For one thing, it was snidely cruel not just to trans people, but singling young trans people out for special abuse. As the Christian Post (which loved this cruelty) noted, the pope "asserted that schools need to teach children to 'accept' their natural bodies as they were 'created,' and to appreciate their bodies as 'male and female.'"

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He did try to frame this anti-trans view in liberal terms, arguing that there are overly rigid gender roles that can teach kids "that it is not really masculine to cultivate art or dance, or not very feminine to exercise leadership."

Sounds progressive, but it's really not, as the implication here that people aren't really transgender, as if some boy is sitting around saying, "I just want to dance, but it's only for girls, so I have to be a girl, I guess."

Propping up the myth that trans people are just confused is incredibly dangerous, as this myth is used to justify denying trans people medical care or even access to the bathroom that corresponds with their gender. Trans people don't need a lecture on how they just need to learn to live as a gender they were assigned at birth. They need health care and human rights, and the Pope is clearly working against them by pushing tired myths instead.

The pope denounced gay marriage and pushed anti-trans myths, but he also took the time to demonize the sexuality of nearly every straight person alive, as well.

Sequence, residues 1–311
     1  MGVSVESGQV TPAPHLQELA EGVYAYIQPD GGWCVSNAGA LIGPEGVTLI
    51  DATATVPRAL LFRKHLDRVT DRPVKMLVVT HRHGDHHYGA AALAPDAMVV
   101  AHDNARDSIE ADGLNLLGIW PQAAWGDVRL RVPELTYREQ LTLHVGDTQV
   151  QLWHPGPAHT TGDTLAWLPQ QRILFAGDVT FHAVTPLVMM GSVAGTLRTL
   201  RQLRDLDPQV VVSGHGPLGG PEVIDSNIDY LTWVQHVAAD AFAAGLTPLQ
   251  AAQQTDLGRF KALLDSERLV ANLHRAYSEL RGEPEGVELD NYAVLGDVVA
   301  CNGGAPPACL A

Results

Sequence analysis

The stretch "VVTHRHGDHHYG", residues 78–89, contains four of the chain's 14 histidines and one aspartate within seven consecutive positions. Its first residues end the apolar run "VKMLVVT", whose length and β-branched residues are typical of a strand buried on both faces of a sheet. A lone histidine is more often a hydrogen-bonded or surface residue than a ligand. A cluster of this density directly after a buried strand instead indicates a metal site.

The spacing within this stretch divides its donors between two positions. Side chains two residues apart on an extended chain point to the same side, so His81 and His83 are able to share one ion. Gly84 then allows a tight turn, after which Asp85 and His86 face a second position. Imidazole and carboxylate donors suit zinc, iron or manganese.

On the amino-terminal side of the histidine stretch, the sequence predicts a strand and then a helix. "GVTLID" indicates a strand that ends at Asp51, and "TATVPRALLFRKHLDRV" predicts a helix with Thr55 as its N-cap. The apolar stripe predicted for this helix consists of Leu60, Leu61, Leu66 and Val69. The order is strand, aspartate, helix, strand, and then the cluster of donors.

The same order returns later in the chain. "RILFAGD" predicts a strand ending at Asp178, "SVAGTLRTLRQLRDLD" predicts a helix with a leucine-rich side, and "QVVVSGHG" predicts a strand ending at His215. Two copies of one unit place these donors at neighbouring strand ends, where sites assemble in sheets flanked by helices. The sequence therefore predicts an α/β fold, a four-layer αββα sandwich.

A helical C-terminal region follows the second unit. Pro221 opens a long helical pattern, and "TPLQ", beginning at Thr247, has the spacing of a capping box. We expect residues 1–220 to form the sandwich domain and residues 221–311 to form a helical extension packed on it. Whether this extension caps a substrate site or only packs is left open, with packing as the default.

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"Frequently, sex education deals primarily with ‘protection’ through the practice of ‘safe sex,'" he wrote. "Such expressions convey a negative attitude towards the natural procreative finality of sexuality, as if an eventual child were an enemy to be protected against. This way of thinking promotes narcissism and aggressivity in place of acceptance."

People who are taught about contraception, he added, "end up being blithely encouraged to use other persons as a means of fulfilling their needs or limitations."

That's right: The pope equates using contraception (something 99% of sexually active women in the United States do at some point) with being a cold, exploitative user.

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Oh sure, the pope does the same thing to contraception users that he does to trans people by wrapping this dehumanizing argument in liberal-sounding language. He's not trying to hurt you, ladies! He's just trying to protect you against those exploitative men who want to have sex without making babies. It's for your own good!

In reality, however, it's the anti-contraception edict that is exploitative and dehumanizing of women.(As someone who isn't a celibate priest but a sexually active woman, I can safely say that taking an interest in contraception is more a sign that a man cares, and showing indifference on the issue is usually a red flag that he's a user.) Being deprived of control over your own body degrades women and treats them not like full, dignified human beings, but brood mares.